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ISSN 1749-8155

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Review Date: 
1 Nov 2009

‘Earth, earth, do not cover our blood and do not keep silent’.

Review Date: 
30 Jun 2008

Gwenda Morgan's The Debate on the American Revolution adds a valuable volume to Manchester University Press's series on Issues in History. Stretching the American Revolution forward to the construction and ratification of the American federal constitution, she surveys and sifts through a vast literature that has grown exponentially over the last several decades.

Review Date: 
30 Jun 2007

To historians, the intrinsic value of history is self-evident. However, the study of history as an intellectual activity extends beyond the careful reconstruction and critical analysis of the past. For the past seeps into the present: it shapes the identities, perceptions, and attitudes of individuals and institutions.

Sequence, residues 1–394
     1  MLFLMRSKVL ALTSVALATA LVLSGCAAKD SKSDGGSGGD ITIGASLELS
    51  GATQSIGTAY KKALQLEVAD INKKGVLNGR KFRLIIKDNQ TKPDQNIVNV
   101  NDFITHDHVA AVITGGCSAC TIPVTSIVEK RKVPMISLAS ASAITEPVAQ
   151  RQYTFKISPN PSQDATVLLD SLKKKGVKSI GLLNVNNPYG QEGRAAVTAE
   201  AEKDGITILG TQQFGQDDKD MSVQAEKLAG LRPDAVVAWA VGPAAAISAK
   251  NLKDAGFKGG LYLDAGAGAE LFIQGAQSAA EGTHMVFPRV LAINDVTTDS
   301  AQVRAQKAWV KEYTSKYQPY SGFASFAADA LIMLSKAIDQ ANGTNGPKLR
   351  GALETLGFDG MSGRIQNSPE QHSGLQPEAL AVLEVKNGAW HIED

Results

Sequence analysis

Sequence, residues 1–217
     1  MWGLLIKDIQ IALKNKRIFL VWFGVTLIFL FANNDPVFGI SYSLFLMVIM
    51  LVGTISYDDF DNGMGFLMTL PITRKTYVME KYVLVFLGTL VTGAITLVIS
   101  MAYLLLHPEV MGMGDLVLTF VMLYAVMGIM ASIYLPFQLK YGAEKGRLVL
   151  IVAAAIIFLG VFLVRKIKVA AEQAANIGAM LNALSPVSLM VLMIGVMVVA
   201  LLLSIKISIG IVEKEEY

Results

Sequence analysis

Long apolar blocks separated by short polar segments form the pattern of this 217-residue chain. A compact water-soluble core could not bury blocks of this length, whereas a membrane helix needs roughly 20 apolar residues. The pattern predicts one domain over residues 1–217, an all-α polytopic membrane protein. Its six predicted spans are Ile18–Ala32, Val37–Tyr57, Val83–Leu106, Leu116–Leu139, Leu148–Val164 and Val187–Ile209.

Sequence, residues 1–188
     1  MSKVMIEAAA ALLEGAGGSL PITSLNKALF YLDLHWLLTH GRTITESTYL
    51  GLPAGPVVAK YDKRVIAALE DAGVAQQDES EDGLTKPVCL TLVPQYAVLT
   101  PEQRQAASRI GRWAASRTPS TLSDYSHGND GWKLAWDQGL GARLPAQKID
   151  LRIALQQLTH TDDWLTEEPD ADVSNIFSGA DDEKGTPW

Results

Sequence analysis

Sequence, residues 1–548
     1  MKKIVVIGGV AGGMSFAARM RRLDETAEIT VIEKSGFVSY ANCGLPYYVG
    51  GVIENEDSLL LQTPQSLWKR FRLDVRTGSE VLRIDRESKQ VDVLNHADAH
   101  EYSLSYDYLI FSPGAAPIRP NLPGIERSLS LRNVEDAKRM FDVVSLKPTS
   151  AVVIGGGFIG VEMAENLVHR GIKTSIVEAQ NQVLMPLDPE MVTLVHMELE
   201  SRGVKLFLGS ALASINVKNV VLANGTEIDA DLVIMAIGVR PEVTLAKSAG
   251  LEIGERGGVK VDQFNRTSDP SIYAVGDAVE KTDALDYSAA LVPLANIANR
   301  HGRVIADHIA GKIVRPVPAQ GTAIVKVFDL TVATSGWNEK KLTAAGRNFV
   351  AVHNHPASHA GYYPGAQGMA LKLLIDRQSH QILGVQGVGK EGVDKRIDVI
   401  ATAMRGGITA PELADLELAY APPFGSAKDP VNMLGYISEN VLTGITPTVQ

Review Date: 
1 Jan 2004

‘Do you recollect the date’, said Mr. Dick, looking earnestly at me, and taking up his pen to note it down, ‘when King Charles the First had his head cut off’?(1)

Review Date: 
31 Aug 2002

The First World War is a seminal historical event; an historical caesura whose aftershocks still resonate.

Review Date: 
31 May 2001

'We historians are dull creatures', A.J.P. Taylor once wrote, 'and women sometimes notice this.' One woman who obviously thought Taylor far from dull was Kathy Burk, the last of his postgraduate students.

Review Date: 
1 Oct 2000

By official decree, Brazil celebrates its 500th anniversary in 2000: the modern history of the country dating from April, 1500, when a fleet commanded by Pedro Alvares Cabral anchored at Porto Seguro on the north-east coast of Bahia.

Review Date: 
1 Mar 1998

Bronislaw Geremek needs no introduction to the international community of historians. In 1995, at the last congress of the International Association of Historians, in Montreal the first plenary session was opened by an hour long video recorded with him, how he sees history being both its expert analyst and also a prominent actor in the past decades.

Review Date: 
1 Jan 1998

Eric Hobsbawm has recently raised the question ‘Can wewrite the history of the Russian revolution?’. Coming from someone who has written a history of the twentieth century, of which the Russian revolution comprises a rather distant component, the question is somewhat unexpected.

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